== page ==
Literacy is at the heart of basic education for everyone. From humble beginnings, Masiphumelele library has grown into the key resource for its community; providing both standard library services and valuable outreach and educational programmes. The library itself is a beautiful public space, a safe venue for the community and a popular meeting area.
The township's library was built in 2003 by Masicorp and opened its doors on 15 September 2003 as a satellite of Fish Hoek Library.
Masiphumelele Library initially operated with donations of books from South Africa and abroad until the Western Cape Provincial Library Services came on board with book stock. Contract staff from Fish Hoek operated the library from 2003 onwards. Additional staff were subsidized by funding from Masiphumelele Corporation to keep the library open for longer hours and to support the outreach programmes.
Masiphumelele Corporation went on to build the double storey extension to the library in 2005 and a park in front of the library in 2006. The park contains a children’s playground and there are benches to sit on. (There are only two parks in the whole of Masiphumelele.) The name 'Eyethu Park' means 'Our Park'.
The small library built by Masicorp in 2003 has been expanded twice and is now the centre of learning in the community. In 2010 an extra wing was added to the building, providing a shaded courtyard area and extra teaching /meeting rooms. Peninsula Beverages and Exclusive books provided the funding and Newlands Rotary project managed the extension.
This award-winning library and centre for education has gained world-wide recognition for the service it provides the township of Masiphumelele, near to Cape Town, South Africa.
The Library offers standard conventional library services which are considered critical in educational support in both developing and established communities. This includes the loan of books and magazines and the provision of printing, photocopying and fax facilities.
In addition, their mission is to initiate and develop a range of outreach programmes for all age groups, drawing the community into the library. These programmes include homework help for primary and high school learners, reading enrichment, art, computer literacy, early childhood development, literacy and parent programmes which are run by library staff, partners and volunteers.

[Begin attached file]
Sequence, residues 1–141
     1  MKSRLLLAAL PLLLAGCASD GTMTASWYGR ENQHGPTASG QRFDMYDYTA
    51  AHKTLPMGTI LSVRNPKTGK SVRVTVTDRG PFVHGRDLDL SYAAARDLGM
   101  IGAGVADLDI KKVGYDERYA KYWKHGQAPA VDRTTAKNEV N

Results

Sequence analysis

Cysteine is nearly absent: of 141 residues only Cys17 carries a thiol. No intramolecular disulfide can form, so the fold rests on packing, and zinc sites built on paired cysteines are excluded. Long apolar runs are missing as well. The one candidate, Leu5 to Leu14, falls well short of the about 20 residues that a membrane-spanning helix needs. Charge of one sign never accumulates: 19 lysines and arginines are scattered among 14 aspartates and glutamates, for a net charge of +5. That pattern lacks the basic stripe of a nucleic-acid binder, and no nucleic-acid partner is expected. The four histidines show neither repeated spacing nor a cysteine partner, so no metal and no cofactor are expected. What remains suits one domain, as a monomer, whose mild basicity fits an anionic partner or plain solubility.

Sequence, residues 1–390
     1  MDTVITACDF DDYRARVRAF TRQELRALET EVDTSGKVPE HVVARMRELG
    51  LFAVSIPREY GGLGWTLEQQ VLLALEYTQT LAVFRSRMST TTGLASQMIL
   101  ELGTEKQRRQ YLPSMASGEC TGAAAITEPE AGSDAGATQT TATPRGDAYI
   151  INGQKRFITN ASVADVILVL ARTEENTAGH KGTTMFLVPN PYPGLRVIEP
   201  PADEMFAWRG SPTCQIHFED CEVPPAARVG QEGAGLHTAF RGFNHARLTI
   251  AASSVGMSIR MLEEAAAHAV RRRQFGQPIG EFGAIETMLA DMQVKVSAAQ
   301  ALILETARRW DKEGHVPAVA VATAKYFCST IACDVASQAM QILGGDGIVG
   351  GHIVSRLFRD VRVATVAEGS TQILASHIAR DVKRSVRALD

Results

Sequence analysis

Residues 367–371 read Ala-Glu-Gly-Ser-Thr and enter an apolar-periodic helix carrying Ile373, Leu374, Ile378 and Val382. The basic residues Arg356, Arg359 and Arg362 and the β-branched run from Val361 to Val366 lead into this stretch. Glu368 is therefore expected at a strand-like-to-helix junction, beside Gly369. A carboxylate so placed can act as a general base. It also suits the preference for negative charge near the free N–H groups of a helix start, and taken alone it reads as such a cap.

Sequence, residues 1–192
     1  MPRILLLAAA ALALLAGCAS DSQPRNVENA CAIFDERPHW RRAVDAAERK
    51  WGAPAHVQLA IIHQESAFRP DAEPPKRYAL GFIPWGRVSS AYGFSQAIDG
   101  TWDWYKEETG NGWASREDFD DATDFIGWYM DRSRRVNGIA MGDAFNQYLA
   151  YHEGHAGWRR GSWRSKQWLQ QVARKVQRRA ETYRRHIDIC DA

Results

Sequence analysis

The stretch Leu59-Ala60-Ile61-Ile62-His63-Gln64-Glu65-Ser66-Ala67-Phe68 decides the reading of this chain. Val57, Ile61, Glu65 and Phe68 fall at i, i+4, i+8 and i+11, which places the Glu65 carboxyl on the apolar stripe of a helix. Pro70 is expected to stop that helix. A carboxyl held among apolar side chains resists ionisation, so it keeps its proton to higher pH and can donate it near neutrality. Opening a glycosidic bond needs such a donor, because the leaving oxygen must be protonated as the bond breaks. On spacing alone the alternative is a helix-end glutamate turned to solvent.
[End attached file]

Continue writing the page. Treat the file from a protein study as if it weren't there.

Masiphumelele Library is grateful for the commitment of their volunteers work and the funding from partners who share Masicorp's commitment to the project:
EIFL-PLIP- awarded a grant to provide free computer and internet training and to connect the youth of Masiphumelele to work and study opportunities.
Friends of the Fish Hoek Library have helped with fundraising for additional items required in the library, for example the photocopier and courses for staff development.
IkamvaYouth: The NGO IkamvaYouth extends a service to the youth in the community through mentoring, tutoring, career guidance, workshops and outings.
Lalela: The NGO Lalela provides educational arts to youth affected by extreme poverty, to spark creative thinking and awaken the entrepreneurial spirit by providing weekly art programmes and art workshops during the holidays.
Nal’ibali: The NGO Nal’ibali is a national 'reading-for-enjoyment' campaign to spark children’s potential through storytelling and reading.
WorldTeach–is a US-based non-profit organisation that sends educational volunteers to developing countries and has worked with Masiphumelele library since 2005.
Wordworks - supports early literacy and language development in disadvantaged communities and has been working with the library since 2006.
We built the library and it has been extended, twice; all with funds from private and corporate donors.Today the Library is under City of Cape Town management and the City provides the operational funding. In addition Masicorp and other NGO’s provide for extra staff, additional outreach programmes, and the computer room which can only operate with outside funding.
We aim to raise R200,000/$27,000/£17,000 each year to continue to support the library and to help grow and develop the outreach programmes that run there — there is such demand!